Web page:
(I’m not personally threatened by a coerced cure, as unless synthetic oxytocin is more than just “increases trust, might temporarily decrease nonsocial cognition, got to skip animal trials because prior use for induced labor, keep it the – away from me” there’s not anything that would be developed before I turn 18. And it sounds like Turing Pharma’s business model is “make stuff really pricey”, so that’s another obstacle to oxytocin. And I could probably get myself to a wide variety of locations in the US on short notice if that were really necessary, which it won’t be.)

      • Rebecca Friedman says:

        Why does an NT version of you have to enjoy clubbing, be unable to sing, and be unable to memorize sonnets? Honest confusion here – I really really really don’t want to offend you, I just don’t understand. I’m NT (as is probably obvious from the question), but I can memorize sonnets (and enjoy doing so) and sing (not super well, but that’s not a function of my NT-ness; most of the people I know who sing better than me are also NT), and have no interest in clubbing (though I do enjoy dancing). Am I misunderstanding…? Sorry!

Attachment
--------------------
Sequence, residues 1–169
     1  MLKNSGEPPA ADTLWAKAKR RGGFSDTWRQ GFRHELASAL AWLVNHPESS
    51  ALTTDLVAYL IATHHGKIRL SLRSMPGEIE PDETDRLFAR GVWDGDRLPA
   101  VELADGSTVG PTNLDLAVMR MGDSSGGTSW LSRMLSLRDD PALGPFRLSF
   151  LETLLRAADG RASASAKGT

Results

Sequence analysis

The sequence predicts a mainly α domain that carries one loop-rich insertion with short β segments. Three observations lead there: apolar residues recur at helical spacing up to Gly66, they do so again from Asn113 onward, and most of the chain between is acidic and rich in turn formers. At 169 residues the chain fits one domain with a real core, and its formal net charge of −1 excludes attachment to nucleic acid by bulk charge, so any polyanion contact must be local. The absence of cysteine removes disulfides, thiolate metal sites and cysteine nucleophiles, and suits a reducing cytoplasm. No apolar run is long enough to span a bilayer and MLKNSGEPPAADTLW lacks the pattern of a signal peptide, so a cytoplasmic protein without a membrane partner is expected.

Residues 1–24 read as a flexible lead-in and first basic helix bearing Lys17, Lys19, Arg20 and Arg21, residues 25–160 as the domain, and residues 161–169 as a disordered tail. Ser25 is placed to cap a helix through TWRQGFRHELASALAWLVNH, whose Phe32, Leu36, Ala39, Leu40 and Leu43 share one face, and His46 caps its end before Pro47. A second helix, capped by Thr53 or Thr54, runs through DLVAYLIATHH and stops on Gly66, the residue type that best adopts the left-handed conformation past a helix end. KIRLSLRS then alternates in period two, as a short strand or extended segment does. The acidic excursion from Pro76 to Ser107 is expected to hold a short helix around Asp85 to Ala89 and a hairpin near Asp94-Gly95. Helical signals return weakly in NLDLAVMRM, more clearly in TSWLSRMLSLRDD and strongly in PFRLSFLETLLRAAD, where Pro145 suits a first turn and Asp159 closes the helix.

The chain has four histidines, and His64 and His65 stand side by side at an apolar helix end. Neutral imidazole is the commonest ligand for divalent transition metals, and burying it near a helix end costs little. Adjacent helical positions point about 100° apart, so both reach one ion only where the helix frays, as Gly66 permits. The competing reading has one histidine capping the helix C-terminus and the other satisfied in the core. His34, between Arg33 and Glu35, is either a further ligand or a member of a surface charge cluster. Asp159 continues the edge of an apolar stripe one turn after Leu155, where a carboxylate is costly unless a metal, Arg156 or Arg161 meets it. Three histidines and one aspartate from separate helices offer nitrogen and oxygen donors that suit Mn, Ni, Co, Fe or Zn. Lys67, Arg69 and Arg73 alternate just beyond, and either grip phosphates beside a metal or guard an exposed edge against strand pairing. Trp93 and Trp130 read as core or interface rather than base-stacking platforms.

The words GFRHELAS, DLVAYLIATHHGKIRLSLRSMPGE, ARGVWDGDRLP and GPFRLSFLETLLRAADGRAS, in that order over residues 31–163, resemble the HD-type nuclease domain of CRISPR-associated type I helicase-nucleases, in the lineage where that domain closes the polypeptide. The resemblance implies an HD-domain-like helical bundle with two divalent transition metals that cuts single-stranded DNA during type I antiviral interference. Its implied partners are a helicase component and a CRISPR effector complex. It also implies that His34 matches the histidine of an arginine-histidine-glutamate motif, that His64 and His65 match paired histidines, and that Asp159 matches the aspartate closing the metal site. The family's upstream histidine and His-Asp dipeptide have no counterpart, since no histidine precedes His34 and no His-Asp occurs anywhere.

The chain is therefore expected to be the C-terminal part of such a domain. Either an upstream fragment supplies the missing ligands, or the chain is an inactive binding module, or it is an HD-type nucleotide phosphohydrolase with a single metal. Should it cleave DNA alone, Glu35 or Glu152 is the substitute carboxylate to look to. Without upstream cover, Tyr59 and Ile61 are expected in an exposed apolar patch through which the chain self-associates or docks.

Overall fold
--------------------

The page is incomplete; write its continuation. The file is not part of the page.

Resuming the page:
• ilzolende says:

          I am not at all offended, and I don’t think you’re misunderstanding me. (Well, obviously you didn’t get all of my intended meanings from the other post, or you wouldn’t be asking me questions, but you haven’t drawn bad conclusions.)

          A not-meeting-diagnostic-criteria version of me could essentially still be me. They would be pretty darn autistic, though, just not quiiiite enough to meet diagnostic criteria. (Many of my family members have the more desirable parts of autism.)